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Monday, 25 January 2021

The sweet taste of unknown

© TWDK
I eat my artichoke-aubergine breakfast dish (my vegetarian take on Antigua and Barbuda’s traditional aubergine saltfish breakfast), and take a swig of water. It tastes sweet. But then, I’m not surprised by that. Water always tastes sweet after eating artichoke.

Why is that?

It turns out scientists don’t actually know. The theory goes that cynarin, an acid found in artichoke, inhibits our sweetness receptors. When washed away (e.g. by a nice glass of water), the sweet receptors reactivate. Just as if you taste a really sugary drink and then slightly sugary one, the slightly sugary one won’t taste sweet at all by contrast (try it!), the same thing happens here: your brain goes crazy now the receptors is no longer inhibited, and interprets the water as sweet.

Great theory, but there remain a few unanswered questions. In the initial 1972 paper[1], two chemicals were implicated: cynarin and chlorogenic acid. This second chemical doesn’t get mentioned again, and it’s not clear what it’s effect is, only that it somehow contributes. What’s more, tests proved that actual artichoke had a bigger sweetening effect on water than either of the two chemicals tasted alone – we don’t know why.

Artichoke is known as a taste modifier, but it seems the effect doesn’t get everybody. For some supposedly genetic reason, only 60% of people get the sweetening effect from artichoke, making it a poor sweetener substitute.

A more common and effective taste modifier is miraculin (or miracle berries), which have the power to make citrus flavours sweet. I’ve used them myself. At one science event, excited customers keenly consumed lime after lime until we recommended they give it a rest to avoid indigestion later. Despite it’s popularity, scientists don’t know how miraculin works. One theory is that it temporarily alters the shapes of the receptors, so they pick up acids instead of sugars. Not long later, the miraculin customers sadly asked us how to get rid of the effect – so they could enjoy their now flavourless wine. Unfortunately, there was nothing we could do about that. Miraculin lasts for about an hour – it doesn’t wash away as easily as artichoke.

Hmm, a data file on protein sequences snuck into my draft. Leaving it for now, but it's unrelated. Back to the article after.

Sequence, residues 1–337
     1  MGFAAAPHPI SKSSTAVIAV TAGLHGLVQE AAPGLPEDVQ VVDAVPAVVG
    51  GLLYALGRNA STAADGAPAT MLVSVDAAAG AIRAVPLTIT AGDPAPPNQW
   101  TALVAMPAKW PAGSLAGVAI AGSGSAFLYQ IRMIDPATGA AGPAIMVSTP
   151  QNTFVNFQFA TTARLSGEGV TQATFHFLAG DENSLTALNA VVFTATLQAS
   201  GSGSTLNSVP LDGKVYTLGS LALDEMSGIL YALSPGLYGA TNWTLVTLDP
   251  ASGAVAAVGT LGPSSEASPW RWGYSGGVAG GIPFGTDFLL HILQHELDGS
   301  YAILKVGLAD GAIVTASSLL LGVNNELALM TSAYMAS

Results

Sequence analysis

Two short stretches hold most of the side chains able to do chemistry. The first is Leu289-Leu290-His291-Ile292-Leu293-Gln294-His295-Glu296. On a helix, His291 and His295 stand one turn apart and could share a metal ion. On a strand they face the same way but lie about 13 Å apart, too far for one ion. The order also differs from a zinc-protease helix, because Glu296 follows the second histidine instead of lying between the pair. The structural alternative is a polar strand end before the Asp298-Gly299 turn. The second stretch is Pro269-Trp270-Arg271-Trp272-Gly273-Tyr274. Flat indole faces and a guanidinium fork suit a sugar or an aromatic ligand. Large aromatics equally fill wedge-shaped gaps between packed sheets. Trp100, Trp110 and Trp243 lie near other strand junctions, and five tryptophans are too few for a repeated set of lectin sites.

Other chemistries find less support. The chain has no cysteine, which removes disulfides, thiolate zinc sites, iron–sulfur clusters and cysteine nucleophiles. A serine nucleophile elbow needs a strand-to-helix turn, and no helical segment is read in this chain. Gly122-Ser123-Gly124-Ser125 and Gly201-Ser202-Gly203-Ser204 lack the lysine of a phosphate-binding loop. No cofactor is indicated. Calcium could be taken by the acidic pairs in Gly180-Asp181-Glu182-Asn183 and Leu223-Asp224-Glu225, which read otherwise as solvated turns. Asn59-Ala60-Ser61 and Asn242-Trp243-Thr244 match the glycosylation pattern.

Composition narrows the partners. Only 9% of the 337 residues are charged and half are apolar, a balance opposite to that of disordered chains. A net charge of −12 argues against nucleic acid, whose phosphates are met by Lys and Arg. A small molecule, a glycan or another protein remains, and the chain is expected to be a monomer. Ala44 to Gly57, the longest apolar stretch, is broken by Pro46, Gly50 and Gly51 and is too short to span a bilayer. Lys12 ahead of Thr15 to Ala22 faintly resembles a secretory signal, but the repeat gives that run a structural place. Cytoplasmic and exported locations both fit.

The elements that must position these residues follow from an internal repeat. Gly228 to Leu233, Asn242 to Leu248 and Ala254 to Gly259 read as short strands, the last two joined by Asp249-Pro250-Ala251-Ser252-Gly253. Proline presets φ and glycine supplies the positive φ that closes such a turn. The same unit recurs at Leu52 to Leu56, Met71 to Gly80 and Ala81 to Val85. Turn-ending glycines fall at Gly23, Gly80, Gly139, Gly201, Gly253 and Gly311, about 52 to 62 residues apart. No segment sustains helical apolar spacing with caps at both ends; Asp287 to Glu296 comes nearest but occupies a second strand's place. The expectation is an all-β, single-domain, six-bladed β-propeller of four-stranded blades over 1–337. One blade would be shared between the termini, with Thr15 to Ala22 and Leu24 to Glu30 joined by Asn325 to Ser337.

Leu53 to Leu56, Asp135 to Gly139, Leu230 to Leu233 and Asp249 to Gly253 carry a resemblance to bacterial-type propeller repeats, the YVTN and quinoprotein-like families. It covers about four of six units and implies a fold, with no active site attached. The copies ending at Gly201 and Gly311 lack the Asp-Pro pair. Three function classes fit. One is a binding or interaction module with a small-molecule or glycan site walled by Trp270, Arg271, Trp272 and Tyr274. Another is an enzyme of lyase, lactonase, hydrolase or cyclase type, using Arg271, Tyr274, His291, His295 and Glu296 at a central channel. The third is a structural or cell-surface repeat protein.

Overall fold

But would that block all taste perception?

Perhaps not.

Although scientists used to believe there was just one kind of sweet receptor on our tongue, new findings in sensory science are casting doubts on that. Scientists are now unsure how many sweet receptors we have – and we may have lots.


References
why don't all references have links?

[1] LM Bartoshuk, CH Lee, R. Scarpellino. Science, 178 (1972)

For more information, I recommend these books:
Why Does Asparagus Make Your Wee Smell?: And 57 other curious food and drink questions, Andy Brunning (2015)
On Food and Cooking, Harold McGee (2004)

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